What Britain actually did is not so different from the EU- and German strategy: a strategy of externalisation, aiming on limiting the cost (which had been very small when considering the increasing strangulation of arms of social EUrope), while redistributing the resources as it already started, considering (so the FT-briefing) that

companies with overseas earnings or in haven sectors have benefited most, while others have announced job cuts and profit warnings

and the chancellor announcing a new easing, while Cameron now pleads for “looking beyond”, aiming on big business for big business: China, India, US and Commonwealth as fields for new harvest.

– And it still is the old story: never tidy up your own places as long as there are fields that can be devastated, i.e. fields that allow you to dump your waste. Will it work? Well, coming back to the article in the Huffington Post it is remarkable to see that

Secondo l’istituto di Washington, inoltre, il sistema bancario tedesco pone il maggior grado di rischi di contagio esterni in proporzione ai rischi interni (seguono Francia, Regno Unito e Usa).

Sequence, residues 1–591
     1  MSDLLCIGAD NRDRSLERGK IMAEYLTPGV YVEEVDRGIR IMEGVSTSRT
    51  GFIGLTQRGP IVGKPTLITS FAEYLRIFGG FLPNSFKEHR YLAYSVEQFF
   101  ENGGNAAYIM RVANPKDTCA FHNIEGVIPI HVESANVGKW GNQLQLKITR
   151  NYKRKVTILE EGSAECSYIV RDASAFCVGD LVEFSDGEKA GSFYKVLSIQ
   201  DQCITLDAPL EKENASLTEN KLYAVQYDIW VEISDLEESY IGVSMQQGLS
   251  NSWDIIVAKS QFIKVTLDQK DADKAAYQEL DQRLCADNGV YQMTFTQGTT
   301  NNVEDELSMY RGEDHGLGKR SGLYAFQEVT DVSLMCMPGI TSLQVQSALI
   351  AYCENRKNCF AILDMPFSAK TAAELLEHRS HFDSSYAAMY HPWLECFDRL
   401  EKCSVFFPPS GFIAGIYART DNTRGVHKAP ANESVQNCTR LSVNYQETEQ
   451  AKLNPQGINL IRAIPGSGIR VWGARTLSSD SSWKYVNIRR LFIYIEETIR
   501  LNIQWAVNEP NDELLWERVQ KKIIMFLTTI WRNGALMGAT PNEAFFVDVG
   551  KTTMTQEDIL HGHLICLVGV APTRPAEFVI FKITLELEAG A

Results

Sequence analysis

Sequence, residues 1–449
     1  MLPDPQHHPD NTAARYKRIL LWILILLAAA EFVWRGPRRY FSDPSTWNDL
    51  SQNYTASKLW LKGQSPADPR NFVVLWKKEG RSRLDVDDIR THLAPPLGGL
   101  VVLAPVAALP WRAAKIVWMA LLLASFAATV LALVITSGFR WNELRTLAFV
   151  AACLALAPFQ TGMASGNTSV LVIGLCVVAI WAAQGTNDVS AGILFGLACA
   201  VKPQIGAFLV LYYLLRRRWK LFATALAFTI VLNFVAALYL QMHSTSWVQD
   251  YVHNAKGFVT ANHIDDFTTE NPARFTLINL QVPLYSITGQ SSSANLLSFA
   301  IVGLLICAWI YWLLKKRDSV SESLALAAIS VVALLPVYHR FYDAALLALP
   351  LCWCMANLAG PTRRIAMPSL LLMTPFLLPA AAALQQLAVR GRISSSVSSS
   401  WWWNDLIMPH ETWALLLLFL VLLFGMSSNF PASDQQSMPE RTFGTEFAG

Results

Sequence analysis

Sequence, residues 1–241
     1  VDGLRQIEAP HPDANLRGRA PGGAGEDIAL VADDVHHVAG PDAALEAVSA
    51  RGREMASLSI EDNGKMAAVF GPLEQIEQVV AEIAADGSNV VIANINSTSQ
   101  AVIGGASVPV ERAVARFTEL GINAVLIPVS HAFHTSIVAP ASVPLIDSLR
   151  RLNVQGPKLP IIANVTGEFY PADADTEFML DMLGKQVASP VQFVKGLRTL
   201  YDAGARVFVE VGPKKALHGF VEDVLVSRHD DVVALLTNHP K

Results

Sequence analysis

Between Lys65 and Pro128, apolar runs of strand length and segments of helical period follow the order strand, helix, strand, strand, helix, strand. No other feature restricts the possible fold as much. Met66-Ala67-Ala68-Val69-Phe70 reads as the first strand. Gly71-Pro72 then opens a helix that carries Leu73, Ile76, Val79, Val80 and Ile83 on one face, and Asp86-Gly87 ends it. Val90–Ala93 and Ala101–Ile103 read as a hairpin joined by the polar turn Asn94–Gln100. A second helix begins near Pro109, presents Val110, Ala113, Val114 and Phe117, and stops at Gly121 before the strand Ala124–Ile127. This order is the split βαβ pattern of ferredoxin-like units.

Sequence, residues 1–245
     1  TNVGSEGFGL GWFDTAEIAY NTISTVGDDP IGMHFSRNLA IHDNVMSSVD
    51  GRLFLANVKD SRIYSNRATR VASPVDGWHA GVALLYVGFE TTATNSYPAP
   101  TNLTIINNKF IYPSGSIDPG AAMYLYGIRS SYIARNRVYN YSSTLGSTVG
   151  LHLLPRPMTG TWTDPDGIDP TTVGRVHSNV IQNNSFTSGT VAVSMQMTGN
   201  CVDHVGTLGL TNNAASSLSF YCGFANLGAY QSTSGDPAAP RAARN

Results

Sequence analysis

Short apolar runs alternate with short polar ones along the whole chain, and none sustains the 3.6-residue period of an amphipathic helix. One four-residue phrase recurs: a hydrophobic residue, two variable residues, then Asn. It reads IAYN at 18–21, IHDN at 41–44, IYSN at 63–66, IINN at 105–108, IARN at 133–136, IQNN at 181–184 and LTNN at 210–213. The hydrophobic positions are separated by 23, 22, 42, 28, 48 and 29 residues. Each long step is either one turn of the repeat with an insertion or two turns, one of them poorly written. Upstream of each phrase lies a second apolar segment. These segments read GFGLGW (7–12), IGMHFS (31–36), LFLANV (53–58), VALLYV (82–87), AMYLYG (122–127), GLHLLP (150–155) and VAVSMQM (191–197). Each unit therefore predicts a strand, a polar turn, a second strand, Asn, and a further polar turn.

In other words, the supposedly strong economies are not only the culprits in terms of being a danger to solidarity, but they are also the real hazard when it comes to global economic disintegration. An interesting measure that is different, seemingly of national scope only, can be found in India:

India’s 10m civil servants The government has approved a 23 per cent rise in salaries, allowances and pensions for current and former civil servants. The once-in-a-decade increase will cost about $15bn and is aimed at boosting private consumption.

Such step is likely to be globally more responsible than the European and British and American fortress building.

Take in refugees – Abolish all causes of flight

For a civic platform against isolation and xenophobia